The Queen’s speech passed this week without providing any more detail on what the Government plans to do about social care. As a result, the chorus of voices calling for change will only get louder. With such mounting expectation, there may be no better time than now to reverse how we perceive social care and shift our approach from one of care to one of enablement.
To do this, wellbeing – taken here to mean the maintenance of strong mental and physical activity levels – must be embraced as a central pillar of our health service and our most effective form of prevention against the growing demand for social care.
‘Social care’ as a concept has changed little since 1948. The introduction of the National Assistance Act that year specified that ‘persons who by reason of age, infirmity or any other circumstances are in need of care and attention’ were to be offered residential accommodation. The continued assumption that social care is a natural inevitability, with double the number of those over 80 alive today, is creating a worryingly dependent population.
As we have been aware for some time now, the money is not there to support this dated approach. The Health Foundation estimates the growing social care funding gap will reach £14.4bn by 2030/31 unless additional action is taken, whilst a report last week from the LSE and Lancet medical journal called for a funding boost of £102bn over the next decade.
The Government’s ongoing hesitancy could prove to be one of the biggest political failures of our time. Many can simply no longer access or afford care, whilst throwing more money at the problem will not solve the underlying causes burdening our social care system.
So what if a significant part of the answer lay in prevention rather than reform? We now know that the normal biological ageing process should not be a cause of significant health problems until the age of 90. Yes, an element of luck is required to avoid certain unpreventable illnesses, but most of the problems routinely assumed to be a result of ageing are instead due to a loss of physical and mental activity which precipitates disease.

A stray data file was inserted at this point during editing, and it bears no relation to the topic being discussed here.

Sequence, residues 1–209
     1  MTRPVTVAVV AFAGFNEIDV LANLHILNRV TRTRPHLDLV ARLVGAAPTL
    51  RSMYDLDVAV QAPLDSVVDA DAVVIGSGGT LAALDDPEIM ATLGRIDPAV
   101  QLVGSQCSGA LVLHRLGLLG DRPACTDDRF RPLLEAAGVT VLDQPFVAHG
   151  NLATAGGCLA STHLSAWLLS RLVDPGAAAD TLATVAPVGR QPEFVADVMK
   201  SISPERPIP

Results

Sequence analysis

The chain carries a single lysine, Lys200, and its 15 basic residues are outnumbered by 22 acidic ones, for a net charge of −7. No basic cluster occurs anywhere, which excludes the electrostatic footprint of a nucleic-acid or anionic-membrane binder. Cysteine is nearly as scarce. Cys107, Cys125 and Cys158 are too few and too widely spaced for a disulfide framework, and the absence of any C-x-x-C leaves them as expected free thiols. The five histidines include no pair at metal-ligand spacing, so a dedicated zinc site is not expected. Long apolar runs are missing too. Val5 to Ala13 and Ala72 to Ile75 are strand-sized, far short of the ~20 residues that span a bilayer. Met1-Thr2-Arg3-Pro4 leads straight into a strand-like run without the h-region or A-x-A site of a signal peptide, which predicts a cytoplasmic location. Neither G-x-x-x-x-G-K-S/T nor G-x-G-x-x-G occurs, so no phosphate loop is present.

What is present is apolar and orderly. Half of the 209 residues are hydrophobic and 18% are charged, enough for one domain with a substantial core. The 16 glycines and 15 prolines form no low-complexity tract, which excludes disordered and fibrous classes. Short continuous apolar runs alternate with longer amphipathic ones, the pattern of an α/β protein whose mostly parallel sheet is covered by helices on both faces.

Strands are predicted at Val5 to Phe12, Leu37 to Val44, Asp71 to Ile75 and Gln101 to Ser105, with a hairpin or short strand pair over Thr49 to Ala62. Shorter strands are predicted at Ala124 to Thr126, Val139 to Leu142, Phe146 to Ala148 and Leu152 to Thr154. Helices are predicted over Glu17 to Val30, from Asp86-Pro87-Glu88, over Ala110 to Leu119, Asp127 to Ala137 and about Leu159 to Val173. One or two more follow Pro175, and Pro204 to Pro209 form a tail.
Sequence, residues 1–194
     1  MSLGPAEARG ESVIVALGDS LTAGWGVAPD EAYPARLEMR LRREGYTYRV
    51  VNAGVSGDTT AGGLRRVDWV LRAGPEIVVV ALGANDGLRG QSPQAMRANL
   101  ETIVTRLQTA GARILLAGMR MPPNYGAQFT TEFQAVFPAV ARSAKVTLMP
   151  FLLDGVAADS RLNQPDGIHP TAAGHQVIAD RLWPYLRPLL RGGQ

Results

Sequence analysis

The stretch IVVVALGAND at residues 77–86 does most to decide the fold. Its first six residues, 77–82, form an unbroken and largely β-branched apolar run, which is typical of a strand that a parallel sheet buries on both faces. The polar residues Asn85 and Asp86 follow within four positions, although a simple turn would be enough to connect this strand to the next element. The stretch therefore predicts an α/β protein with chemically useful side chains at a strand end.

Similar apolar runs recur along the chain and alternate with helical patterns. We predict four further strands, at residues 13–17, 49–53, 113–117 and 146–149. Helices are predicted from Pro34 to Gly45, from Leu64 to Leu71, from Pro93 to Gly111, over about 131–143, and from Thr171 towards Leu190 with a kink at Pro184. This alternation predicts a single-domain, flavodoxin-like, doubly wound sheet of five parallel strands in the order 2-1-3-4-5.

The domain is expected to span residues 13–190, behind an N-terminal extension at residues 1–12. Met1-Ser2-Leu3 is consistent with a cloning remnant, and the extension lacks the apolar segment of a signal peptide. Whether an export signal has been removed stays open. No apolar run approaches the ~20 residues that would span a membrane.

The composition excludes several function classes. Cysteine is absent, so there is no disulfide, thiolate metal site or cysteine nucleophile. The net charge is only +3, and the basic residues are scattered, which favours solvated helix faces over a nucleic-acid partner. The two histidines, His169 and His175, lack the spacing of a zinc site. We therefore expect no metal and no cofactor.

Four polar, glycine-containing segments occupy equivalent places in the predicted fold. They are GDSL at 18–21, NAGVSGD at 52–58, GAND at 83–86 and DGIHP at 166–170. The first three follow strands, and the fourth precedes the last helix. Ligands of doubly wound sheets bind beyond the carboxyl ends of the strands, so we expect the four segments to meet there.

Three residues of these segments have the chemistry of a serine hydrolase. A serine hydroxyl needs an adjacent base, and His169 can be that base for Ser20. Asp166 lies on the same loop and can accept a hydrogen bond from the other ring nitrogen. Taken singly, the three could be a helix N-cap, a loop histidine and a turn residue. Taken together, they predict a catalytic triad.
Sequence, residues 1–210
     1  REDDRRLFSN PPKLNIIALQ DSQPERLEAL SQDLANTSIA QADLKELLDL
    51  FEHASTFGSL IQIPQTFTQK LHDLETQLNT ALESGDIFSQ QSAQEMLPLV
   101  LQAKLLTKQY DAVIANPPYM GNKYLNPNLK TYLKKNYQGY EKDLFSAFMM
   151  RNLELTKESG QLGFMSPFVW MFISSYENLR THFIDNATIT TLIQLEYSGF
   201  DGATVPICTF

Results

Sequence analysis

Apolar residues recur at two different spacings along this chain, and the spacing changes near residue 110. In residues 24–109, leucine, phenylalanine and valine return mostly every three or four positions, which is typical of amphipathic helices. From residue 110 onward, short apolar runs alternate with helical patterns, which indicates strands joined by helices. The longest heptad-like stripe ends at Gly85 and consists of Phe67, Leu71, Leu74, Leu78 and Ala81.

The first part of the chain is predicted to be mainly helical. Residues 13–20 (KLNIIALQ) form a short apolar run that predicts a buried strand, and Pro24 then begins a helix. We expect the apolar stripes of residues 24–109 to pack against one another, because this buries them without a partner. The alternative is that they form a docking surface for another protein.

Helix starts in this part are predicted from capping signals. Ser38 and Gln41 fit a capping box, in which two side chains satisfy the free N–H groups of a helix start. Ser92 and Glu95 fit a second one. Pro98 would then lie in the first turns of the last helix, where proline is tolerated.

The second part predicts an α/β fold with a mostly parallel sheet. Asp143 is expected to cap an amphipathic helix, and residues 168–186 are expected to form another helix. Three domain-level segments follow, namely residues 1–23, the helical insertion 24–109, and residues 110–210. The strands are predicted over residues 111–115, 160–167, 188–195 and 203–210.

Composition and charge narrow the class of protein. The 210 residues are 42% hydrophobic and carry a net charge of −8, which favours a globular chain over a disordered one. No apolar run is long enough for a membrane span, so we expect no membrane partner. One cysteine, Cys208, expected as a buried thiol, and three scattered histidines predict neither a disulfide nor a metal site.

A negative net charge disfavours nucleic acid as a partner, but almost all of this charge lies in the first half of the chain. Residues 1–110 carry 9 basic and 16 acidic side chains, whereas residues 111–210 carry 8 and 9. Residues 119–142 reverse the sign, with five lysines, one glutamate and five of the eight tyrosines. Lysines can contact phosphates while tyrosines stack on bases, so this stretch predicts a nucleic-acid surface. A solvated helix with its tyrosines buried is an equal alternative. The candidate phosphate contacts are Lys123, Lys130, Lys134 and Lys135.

The links between a loss of activity and disease are clear: the Lancet Commission estimates that dementia rates can be reduced by 40% just by keeping the brain oxygen-rich and maintaining a challenged and engaged mind.
From an over reliance on cars to get around to the increase in workers at desk jobs, the modern world is sapping activity out of us all. The traditional culture of care compounds the issue by wrongly assuming that when older people begin to lose the ability to do a task, they require it to be done for them. Yet that need not be the case.
Our healthcare system can take the lead in addressing this loss of mental and physical activity but achieving a shift from a culture of care to one of enablement requires an innovative approach – one that encourages people from different fields to come together to find new solutions to old problems. The scale of the task is too great for the NHS to manage alone.
As the first Chief Knowledge Officer of the NHS and a tech entrepreneur, we come from two distinctly different backgrounds whilst sharing a common belief in challenging the status quo surrounding social care.
United around this goal, we have pooled our expertise to create interactive wellbeing courses hosted by Learning with Experts, a social learning provider, that are now being used by Active Partnerships in regions covering 20m people across the UK.
The courses, underpinned by innovative technology, are designed to prevent isolated education by building active communities of people that learn and thrive together. This is a promising start, but there is still some way to go. A nationwide learning and activity program, ensuring everyone has access to learning about wellbeing, can be the catalyst needed to prevent the loss of activity that is driving our care system to the brink.
Although this alone will not be a panacea for social care demand – and there remains a need to reorganise bureaucratic elements of our health service – educating our citizens on the benefits of physical and mental activity could be the difference between many of them becoming dependent on care in later years or living well in their own homes.
By embracing wellbeing as our first line of prevention we can radically alter the direction of social care in the UK, save our health service billions and enable people to live longer, better lives.
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